I get out there and start walking, I get back in shape," he
says. As he speaks, he adroitly juggles two bags of Jelly
Bellys, plucking the flavors he likes out of one bag, then
depositing the banana, bubble gum and chocolate beans in the
other. Chris's ability to eat heartily, not work out and still
remain physically sharp enough to play causes Amy to shake her
head. "He has good genes," she says.

Only someone who believes in himself to the degree that DiMarco
does can persevere for as long as he did--eight years--before
getting established on Tour. DiMarco bounced from tours in South
Africa and Canada to the Nike tour and the PGA Tour, which he
first played in 1994 and '95 before losing his card. He spent
'96 in Orlando, playing the mini-tours and an occasional PGA
Tour event on a sponsor's exemption. His struggles could be
traced to a chronic case of the yips. "My senior year of
college, I won five tournaments," he says, "but it was hit or
miss with the putter. Being 21, I didn't know what a yip was."
Second putts began to haunt him. DiMarco, who had made a career
of relying on his own counsel, began listening to anyone who
approached him on the practice green. He tried long putters and
belly putters. He putted cross-handed. Nothing helped. "Once it
gets into your head," DiMarco says, "you stand over a putt and
think, 'What is this going to feel like?' That's what I was

The yips burrowed into his subconscious. "I'd have a nightmare
of being on The Price Is Right," he says. Bob Barker would
invite him onstage, and DiMarco would play the Hole in One game.
In the TV version the contestant places six grocery items in
order, from least to most expensive. For every item correctly
valued, the contestant gets to move his ball closer to the hole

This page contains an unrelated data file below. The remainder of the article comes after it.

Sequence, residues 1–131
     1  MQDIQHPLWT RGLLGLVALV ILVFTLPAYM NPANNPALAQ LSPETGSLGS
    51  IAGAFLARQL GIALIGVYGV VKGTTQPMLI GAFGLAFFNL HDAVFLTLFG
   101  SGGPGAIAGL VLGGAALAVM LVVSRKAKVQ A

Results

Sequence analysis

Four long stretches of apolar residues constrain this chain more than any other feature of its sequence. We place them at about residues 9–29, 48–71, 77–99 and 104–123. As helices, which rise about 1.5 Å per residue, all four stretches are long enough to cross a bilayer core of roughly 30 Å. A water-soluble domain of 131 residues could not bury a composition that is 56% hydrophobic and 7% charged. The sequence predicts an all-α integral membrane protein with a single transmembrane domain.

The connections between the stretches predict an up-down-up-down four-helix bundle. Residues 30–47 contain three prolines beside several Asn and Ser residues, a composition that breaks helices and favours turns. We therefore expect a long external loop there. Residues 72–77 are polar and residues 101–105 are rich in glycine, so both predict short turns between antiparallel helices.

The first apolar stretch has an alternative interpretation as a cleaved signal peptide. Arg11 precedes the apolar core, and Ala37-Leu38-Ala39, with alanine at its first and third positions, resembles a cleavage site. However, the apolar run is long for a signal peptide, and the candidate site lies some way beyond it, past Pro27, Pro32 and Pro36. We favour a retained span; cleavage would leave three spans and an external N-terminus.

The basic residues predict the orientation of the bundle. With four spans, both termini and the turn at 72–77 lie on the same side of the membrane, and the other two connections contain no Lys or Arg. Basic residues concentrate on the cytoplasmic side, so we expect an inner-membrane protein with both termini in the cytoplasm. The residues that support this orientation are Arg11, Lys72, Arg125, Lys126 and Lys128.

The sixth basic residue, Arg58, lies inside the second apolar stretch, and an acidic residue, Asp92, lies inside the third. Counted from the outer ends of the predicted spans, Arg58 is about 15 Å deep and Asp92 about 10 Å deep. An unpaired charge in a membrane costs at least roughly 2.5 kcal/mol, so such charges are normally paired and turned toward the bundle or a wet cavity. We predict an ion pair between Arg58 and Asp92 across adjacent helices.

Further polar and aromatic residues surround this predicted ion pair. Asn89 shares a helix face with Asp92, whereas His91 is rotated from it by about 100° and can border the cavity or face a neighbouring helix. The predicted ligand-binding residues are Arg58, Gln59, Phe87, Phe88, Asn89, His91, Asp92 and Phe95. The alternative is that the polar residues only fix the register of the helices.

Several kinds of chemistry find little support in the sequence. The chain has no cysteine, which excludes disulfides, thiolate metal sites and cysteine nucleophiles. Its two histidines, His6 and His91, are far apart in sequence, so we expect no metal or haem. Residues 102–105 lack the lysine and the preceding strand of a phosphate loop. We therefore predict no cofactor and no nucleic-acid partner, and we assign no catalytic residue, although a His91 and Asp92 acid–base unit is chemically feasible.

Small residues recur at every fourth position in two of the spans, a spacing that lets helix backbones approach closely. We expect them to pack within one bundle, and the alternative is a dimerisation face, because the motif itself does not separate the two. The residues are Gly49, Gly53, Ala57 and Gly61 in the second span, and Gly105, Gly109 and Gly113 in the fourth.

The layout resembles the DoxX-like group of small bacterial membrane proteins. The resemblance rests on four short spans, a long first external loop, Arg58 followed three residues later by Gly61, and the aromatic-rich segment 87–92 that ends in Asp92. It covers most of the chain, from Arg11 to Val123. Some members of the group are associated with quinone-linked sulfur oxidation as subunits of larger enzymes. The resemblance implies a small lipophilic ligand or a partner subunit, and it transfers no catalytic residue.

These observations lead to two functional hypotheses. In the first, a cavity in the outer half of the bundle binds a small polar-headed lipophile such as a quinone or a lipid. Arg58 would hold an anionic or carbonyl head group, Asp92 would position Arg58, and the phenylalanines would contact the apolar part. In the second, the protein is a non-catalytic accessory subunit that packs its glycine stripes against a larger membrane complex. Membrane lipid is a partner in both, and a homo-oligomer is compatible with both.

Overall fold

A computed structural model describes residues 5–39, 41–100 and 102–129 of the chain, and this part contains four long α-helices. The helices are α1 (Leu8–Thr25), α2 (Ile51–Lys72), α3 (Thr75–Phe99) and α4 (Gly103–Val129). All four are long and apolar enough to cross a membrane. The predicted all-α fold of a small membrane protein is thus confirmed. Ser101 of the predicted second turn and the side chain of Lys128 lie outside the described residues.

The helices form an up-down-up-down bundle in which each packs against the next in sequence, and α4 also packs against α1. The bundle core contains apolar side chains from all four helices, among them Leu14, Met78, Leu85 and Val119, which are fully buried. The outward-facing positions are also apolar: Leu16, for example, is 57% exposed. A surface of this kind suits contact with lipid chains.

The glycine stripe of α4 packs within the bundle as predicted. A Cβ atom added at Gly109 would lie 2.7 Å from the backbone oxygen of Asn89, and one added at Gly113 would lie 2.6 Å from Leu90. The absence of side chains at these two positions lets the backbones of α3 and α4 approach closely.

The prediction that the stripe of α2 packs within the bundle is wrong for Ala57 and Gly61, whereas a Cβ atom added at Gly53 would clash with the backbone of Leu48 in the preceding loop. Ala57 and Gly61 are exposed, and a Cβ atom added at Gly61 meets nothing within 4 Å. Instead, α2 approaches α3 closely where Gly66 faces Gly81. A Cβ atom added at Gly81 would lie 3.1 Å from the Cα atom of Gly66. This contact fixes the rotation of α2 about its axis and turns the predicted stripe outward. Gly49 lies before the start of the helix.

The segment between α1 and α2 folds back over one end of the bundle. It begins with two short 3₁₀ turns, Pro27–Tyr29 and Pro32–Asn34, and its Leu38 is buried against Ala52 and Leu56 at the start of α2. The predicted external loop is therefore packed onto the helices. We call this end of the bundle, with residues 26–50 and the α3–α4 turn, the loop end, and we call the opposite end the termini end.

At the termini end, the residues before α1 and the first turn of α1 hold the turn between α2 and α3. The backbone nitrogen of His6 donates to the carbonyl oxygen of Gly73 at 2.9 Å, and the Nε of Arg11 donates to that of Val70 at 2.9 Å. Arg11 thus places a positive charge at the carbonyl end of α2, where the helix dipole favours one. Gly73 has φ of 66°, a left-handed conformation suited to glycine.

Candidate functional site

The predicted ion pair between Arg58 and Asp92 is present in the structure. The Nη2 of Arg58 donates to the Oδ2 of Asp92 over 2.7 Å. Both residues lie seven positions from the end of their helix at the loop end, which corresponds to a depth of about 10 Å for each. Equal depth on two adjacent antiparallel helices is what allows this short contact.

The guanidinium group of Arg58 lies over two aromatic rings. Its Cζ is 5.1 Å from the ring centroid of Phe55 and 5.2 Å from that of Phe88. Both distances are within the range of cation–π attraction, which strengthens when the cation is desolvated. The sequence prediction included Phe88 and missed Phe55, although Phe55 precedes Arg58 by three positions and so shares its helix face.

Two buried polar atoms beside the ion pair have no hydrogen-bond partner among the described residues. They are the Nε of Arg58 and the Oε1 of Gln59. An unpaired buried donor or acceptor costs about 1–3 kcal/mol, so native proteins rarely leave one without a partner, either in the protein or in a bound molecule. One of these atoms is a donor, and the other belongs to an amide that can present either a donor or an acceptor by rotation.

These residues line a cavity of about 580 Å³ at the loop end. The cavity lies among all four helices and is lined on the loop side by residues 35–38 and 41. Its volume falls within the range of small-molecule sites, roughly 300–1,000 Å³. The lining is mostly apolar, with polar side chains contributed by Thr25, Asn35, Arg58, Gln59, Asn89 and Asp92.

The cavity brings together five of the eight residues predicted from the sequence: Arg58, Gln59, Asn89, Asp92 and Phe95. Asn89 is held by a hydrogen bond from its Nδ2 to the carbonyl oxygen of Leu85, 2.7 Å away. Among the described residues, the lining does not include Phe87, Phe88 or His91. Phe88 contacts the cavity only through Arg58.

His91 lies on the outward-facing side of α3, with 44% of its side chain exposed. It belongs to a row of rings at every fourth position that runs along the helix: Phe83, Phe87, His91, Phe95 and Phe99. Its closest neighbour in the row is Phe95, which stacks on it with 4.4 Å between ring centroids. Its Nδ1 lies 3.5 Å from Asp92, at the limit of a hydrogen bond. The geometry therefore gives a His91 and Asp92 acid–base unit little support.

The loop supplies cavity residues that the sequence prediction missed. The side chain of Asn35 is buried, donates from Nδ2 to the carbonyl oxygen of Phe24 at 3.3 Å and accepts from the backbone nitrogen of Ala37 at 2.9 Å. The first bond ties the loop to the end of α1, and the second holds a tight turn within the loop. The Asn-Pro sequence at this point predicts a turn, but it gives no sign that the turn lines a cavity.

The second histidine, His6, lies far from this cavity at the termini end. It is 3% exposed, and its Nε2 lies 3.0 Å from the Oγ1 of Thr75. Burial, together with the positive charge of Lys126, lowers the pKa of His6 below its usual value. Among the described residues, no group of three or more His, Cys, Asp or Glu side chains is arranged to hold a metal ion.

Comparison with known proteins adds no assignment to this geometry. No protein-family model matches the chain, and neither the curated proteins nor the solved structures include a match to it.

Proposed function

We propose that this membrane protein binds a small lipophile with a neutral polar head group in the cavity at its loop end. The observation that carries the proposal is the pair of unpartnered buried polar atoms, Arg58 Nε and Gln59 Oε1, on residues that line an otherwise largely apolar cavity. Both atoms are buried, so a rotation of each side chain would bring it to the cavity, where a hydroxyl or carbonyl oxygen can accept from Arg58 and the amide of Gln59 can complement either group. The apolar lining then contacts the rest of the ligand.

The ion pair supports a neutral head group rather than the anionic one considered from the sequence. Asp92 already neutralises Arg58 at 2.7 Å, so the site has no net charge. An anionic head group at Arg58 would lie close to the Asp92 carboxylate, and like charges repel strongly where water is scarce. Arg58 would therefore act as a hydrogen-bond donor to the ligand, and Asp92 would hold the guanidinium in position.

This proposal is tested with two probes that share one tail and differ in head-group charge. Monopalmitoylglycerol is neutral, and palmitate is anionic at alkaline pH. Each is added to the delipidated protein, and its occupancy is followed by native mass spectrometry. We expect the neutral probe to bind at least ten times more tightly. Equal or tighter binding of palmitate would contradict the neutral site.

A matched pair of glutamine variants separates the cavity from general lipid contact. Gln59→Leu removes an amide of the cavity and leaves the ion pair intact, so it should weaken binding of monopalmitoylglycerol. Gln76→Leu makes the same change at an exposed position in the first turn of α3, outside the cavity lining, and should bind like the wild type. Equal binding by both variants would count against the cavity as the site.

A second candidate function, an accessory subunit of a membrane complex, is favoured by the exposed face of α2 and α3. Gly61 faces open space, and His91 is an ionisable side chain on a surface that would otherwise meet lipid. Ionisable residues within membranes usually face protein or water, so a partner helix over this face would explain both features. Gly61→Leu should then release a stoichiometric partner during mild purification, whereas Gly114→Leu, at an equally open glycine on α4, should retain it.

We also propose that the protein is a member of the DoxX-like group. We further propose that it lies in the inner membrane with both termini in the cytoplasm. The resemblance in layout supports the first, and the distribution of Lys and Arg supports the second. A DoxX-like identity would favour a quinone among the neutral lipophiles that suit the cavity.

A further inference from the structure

to attempt a putt to win a car. In DiMarco's recurring dream, he
did so well that he had a one-footer left to win the car. As he
stood over the putt, he awoke every time in a cold sweat. "I can
take a seven-iron and hit it 120 yards or 170 yards, and every
yard in between," he says. "To not be able to hit a four-foot
putt was horrifying."

In 1995, while waiting in the pro shop during a rain delay at a
mini-tour event at Disney World, fellow Tour pro Skip Kendall
suggested that DiMarco try the Claw, the awkward-looking grip in
which the right hand is open and palm down and steadies the
putter while the stroke is made with the left hand. DiMarco
quickly became comfortable with the setup. In '97 he finished
third in earnings on the Nike tour and regained his exemption on
the PGA Tour. He has improved his standing on the money list
every season since, from 111th to 62nd to 19th to 12th. More to
the point, DiMarco ranked 12th in putting last season and this
year is 10th.

Last year DiMarco mounted a late-season push for the Ryder Cup
team, only to finish 13th, three spots short of automatic
qualification. With his early success this year, he has turned
his eye toward the majors and the 2003 Presidents Cup, Nov.
21-23 in George, South Africa. Perhaps it should be left to U.S.
captain Jack Nicklaus to tell DiMarco that South African
television will not be carrying the Florida State-Florida game
that weekend.

COLOR PHOTO: PHOTOGRAPH BY DARREN CARROLL STICKING WITH WHAT WORKS The basics of DiMarco's swing have changed little since he first struck a golf ball at age seven.

COLOR PHOTO: GARY BOGDON FAMILY AFFAIR Chris loves to putter around in the backyard with Amanda and Cristian.

COLOR PHOTO: GARY BOGDON GATOR ATTACK DiMarco wears his love for Florida football on his sleeve, and it's amply evident elsewhere in his home and wardrobe.

"You see Vijay Singh on the range for four hours," says
DiMarco's brother Rick. "If Chris tried to work like that, he
would mess himself up." Gary Bogdon

"I like playing in the majors," DiMarco says. "You don't have to
worry about shooting a 62."